Liskov-substitution principle requires that subtypes must satisfy the contracts of super-types. In my understanding, this would entail that
ReadOnlyCollection<T> violates Liskov.
ICollection<T>'s contract exposes
Remove operations, but the read only subtype does not satisfy this contract. For example,
IList<object> collection = new List<object>(); collection = new System.Collections.ObjectModel.ReadOnlyCollection<object>(collection); collection.Add(new object()); -- not supported exception
There is clearly a need for immutable collections. Is there something broken about .NET's way of modeling them? What would be the better way to do it?
IEnumerable<T> does a good job of exposing a collection while, at least, appearing to be immutable. However, the semantics are very different, primarily because
IEnumerable doesn't explicitly expose any of state.
In my particular case, I am trying to build an immutable DAG class to support an FSM. I will obviously need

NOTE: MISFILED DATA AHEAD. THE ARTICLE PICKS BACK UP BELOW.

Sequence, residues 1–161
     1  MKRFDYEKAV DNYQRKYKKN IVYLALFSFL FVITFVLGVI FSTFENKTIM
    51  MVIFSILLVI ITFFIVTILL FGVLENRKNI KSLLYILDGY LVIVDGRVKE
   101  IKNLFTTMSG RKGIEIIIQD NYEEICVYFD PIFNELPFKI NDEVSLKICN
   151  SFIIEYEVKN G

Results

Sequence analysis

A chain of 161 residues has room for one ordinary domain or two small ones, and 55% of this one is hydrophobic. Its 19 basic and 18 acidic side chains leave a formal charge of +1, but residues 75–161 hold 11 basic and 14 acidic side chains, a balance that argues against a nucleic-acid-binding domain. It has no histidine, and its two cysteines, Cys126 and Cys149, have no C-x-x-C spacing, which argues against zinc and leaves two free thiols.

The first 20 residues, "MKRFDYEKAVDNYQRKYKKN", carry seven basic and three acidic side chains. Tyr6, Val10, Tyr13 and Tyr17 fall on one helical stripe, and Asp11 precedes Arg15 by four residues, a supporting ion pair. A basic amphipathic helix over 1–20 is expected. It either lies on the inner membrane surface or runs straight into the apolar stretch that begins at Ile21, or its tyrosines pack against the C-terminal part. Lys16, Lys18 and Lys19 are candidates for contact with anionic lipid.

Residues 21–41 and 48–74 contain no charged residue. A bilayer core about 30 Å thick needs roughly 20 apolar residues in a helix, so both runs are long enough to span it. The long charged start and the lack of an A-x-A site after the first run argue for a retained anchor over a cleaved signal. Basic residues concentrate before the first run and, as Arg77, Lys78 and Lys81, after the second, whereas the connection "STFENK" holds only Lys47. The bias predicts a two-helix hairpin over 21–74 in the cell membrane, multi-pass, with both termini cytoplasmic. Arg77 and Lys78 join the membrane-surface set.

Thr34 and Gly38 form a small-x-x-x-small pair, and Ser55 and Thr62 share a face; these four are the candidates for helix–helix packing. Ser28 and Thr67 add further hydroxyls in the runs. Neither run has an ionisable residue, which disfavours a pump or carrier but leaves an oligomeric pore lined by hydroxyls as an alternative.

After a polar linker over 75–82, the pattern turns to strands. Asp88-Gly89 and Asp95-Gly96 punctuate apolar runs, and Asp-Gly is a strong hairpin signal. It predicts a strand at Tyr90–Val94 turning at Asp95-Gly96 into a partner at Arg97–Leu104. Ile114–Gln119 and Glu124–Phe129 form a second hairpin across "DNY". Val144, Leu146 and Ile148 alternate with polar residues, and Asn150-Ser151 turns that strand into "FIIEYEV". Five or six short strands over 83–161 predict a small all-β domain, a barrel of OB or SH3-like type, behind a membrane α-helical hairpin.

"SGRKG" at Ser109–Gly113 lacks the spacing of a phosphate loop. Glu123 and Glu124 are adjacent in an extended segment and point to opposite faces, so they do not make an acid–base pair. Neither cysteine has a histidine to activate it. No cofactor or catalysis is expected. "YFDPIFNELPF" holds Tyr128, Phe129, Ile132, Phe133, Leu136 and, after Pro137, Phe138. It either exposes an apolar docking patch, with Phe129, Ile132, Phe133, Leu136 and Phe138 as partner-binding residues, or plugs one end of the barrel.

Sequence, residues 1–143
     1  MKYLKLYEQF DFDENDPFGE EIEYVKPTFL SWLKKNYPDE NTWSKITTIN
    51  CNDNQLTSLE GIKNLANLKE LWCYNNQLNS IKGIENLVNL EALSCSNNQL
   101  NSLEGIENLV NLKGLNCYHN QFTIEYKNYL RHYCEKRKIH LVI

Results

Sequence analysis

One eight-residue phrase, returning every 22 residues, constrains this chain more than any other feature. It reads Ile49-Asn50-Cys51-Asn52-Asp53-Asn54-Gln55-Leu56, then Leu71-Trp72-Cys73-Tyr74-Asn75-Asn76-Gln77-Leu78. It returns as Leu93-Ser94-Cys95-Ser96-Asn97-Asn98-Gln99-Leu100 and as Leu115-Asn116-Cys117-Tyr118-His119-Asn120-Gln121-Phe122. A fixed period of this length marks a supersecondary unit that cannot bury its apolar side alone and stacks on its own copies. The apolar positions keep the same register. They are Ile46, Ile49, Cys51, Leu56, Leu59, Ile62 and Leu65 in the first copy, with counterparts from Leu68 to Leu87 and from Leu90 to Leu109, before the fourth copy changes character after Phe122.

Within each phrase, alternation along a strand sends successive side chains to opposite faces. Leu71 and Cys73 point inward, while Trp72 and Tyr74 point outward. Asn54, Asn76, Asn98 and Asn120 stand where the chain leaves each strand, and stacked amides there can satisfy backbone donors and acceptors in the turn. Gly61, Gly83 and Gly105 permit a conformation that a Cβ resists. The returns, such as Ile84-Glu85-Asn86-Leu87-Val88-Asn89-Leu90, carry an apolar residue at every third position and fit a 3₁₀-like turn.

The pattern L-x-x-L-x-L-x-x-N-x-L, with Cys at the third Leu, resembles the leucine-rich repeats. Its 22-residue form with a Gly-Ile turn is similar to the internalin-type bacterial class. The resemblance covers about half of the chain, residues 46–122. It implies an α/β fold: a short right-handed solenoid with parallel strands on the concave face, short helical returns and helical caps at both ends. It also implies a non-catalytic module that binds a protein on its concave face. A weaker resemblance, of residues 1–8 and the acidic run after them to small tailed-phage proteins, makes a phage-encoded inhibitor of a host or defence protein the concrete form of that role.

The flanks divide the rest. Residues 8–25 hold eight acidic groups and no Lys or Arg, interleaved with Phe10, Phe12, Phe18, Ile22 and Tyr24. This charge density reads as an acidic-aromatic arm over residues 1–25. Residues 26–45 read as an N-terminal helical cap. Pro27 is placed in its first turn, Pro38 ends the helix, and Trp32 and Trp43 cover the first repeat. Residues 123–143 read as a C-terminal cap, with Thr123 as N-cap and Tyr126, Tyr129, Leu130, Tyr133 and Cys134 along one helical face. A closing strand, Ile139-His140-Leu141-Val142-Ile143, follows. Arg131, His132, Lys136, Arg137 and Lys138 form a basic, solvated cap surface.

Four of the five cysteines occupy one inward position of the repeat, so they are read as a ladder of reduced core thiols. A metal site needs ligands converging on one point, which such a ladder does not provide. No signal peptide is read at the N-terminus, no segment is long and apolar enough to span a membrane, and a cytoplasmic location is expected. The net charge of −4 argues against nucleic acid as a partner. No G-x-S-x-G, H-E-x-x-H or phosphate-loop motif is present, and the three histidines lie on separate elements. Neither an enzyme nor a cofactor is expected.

AddEdge methods at the beginning but I don't want it to be possible to change the state machine once it is already running. I'm having difficulty representing the similarity between the immutable and mutable representations of the DAG.
Right now, my design involves using a DAG Builder up front, and then creating the immutable graph once, at which point it is no longer editable. The only common interface between the Builder and the concrete immutable DAG is an
Accept(IVisitor visitor). I'm concerned that this may be over-engineered / too abstract in the face of possibly simpler options. At the same time, I'm having trouble accepting that I can expose methods on the my graph interface that may throw
NotSupportedException if the client gets a particular implementation. What is the right way to handle this?